Dad gave the milk lady empty plastic bottles and money and she gave him bottlefuls of milk. He put them in his old rucksack and looked for the children.  They were all on the top rung of the dairy fence looking out at the cows in the milk meadow, and chattering like starlings with the excitement of the day.
“Hey, get off that fence.  Behave yourselves.”  Silence fell, and wide-eyed they dropped all together and ran to him.  The milk lady dipped into her apron pocket for three striped candy canes and grinned at Dad.
“Or Father Christmas won’t come tonight, will he kids.”

December 3, 2012

Father Jack

Father Jack Witbrock would have been 76 today. He died a month ago on Saturday 3rd November, from a tired heart and blocked arteries. 

His full title was: The Very Reverend Father Jack, Dean Emeritus of the Antiochan Orthodox Church in New Zealand. 

I had missed his celebration of 40 years of ordination - the first ten as an Anglican minister - on 21st October, so I'm glad that I made the effort to pop in to the Deanery late on the Ashley Church's saints' day after I had set off borer bombs in the church - 28th October is the Feast of St Simon and St Jude, but also my mental marker for woodworm treatment.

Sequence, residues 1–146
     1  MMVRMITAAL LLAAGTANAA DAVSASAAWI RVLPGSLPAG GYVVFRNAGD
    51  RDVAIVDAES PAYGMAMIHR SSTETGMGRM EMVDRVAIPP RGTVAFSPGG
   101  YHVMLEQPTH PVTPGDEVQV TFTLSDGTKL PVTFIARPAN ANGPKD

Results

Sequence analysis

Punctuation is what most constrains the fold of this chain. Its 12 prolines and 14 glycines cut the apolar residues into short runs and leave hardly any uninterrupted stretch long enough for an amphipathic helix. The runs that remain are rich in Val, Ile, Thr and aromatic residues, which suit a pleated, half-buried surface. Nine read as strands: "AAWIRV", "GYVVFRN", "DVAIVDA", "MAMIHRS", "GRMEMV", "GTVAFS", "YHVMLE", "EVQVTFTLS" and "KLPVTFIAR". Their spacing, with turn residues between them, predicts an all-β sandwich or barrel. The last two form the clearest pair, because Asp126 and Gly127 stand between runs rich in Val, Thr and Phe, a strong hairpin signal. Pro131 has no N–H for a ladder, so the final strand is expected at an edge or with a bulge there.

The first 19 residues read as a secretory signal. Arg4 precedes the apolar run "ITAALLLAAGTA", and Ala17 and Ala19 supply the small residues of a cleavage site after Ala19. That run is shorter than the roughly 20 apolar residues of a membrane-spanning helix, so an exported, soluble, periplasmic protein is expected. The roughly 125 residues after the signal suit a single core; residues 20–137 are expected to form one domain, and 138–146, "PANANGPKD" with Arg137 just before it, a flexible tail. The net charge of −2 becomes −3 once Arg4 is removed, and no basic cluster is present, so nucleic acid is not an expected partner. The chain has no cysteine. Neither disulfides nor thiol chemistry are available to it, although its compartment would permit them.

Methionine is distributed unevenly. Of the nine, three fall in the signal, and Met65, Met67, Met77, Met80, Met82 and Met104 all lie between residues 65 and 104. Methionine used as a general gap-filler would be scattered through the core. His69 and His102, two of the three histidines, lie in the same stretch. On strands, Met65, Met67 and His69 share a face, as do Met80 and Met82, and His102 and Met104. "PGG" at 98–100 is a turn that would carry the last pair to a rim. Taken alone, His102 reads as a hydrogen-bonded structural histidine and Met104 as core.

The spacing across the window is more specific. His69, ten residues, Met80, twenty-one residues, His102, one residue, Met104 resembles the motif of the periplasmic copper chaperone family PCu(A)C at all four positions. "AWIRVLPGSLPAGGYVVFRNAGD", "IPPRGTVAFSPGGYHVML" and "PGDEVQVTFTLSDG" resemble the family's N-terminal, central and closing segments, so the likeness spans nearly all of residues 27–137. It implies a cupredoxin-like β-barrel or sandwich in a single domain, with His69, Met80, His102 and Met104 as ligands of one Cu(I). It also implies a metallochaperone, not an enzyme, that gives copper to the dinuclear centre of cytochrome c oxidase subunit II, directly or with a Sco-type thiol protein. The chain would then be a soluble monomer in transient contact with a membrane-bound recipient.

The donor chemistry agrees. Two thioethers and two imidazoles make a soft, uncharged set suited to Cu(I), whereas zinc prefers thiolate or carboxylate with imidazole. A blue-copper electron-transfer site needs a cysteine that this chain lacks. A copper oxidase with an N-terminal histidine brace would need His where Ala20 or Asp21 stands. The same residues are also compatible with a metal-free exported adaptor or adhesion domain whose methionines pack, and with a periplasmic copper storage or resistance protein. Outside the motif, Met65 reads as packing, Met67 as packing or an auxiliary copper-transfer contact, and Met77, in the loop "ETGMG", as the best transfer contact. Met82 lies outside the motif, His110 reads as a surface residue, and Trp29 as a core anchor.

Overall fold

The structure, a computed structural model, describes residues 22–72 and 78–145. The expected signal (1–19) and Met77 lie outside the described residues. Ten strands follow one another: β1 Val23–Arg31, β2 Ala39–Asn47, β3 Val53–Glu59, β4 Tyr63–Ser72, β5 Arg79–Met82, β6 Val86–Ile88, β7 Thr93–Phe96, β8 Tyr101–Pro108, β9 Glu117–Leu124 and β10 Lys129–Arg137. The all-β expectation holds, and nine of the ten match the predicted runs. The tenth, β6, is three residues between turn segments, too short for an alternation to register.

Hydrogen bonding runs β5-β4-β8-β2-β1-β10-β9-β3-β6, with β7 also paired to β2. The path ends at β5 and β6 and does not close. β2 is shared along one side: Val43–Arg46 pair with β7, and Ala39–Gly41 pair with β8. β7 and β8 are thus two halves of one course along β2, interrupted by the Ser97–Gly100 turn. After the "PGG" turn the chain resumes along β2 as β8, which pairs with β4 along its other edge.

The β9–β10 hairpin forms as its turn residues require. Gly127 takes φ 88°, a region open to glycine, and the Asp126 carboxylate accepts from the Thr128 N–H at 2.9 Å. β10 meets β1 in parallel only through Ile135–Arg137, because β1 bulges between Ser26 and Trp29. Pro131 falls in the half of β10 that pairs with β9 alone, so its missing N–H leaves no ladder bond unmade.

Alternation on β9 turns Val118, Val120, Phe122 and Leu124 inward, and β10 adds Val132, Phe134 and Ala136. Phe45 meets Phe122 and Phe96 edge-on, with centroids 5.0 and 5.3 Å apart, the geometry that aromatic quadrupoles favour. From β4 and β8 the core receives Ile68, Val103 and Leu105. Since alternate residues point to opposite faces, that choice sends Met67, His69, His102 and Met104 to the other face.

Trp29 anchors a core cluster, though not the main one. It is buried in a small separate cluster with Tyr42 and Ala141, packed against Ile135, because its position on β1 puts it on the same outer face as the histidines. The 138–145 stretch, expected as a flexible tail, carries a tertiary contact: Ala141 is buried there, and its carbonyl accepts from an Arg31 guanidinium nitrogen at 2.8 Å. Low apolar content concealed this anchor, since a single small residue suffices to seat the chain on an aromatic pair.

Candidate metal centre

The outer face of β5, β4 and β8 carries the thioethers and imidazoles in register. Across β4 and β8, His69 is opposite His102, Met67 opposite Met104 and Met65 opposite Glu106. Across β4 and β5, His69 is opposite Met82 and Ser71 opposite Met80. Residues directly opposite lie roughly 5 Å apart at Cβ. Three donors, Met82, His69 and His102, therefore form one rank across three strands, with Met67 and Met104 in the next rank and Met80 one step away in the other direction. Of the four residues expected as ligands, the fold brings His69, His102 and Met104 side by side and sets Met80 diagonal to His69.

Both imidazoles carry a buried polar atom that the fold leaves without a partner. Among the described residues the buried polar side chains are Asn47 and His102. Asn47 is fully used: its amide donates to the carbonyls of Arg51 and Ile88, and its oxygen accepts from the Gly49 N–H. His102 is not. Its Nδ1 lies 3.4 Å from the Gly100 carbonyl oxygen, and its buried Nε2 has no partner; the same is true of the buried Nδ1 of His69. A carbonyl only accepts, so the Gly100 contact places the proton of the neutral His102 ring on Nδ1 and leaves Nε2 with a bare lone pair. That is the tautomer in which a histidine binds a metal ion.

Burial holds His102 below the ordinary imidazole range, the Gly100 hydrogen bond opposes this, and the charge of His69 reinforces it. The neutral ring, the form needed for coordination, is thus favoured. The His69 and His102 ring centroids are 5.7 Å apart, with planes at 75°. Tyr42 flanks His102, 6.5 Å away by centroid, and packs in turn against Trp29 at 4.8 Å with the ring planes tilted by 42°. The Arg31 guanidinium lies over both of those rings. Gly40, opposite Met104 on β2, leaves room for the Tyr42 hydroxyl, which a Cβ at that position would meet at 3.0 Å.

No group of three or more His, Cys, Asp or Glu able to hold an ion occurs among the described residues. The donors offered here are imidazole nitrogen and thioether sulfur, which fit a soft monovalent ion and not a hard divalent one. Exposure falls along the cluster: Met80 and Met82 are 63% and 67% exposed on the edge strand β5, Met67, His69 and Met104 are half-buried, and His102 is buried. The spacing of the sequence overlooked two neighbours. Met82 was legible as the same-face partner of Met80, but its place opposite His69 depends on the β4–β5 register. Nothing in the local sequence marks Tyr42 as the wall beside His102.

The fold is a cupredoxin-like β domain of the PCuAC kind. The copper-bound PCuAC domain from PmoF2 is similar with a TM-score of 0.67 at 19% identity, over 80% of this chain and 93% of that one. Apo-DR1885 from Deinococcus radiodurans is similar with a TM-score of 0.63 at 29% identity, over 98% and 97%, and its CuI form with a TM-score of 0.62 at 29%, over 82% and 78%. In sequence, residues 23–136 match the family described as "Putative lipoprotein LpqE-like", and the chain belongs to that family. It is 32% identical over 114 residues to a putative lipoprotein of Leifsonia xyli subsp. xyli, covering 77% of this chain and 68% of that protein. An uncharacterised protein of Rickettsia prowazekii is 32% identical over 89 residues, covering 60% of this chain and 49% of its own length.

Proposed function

Father Jack was saintly material himself. He and his family came to live in the village about thirty years ago, adopting the neighbouring inter-denominational church as the seat of worship for a far-flung Eastern Orthodox congregation. Father Jack and Julia, his wife, developed a community garden and hosted many young people who were floundering in life. This work was tireless and selfless and quite often it seemed to me thankless. Father Jack was as devout as he was practical and the arcane business of daily offices, complete with robes, chants, bells and censer not only fascinated me but gave life to a little country church that would otherwise have been an empty shell.  I almost take for granted the icons and bright altar cloths but how remarkable to walk into the vaulted  Anglican architecture of Benjamin Mountfort and find Christ the Pantokrator, and his attendant images, basking in the afternoon sunbeams, or to spot Father Jack swishing through hip-high cocksfoot along the country roadside, in black robes, purple satin and his stovepipe hat.

Of course he would have loved me to join his flock, but although I probably exasperated him, he treated my personal brand of atheism with good humour and once when there was no congregation about, I stopped mowing, kicked off my gumboots and read the refrains for him.  He didn't appreciate being interrupted mid-office however, and I remember slipping away once rather than disturbing him, only to find that he had been saying a Requiem Mass for Elwin. I wish I had been bolder that day.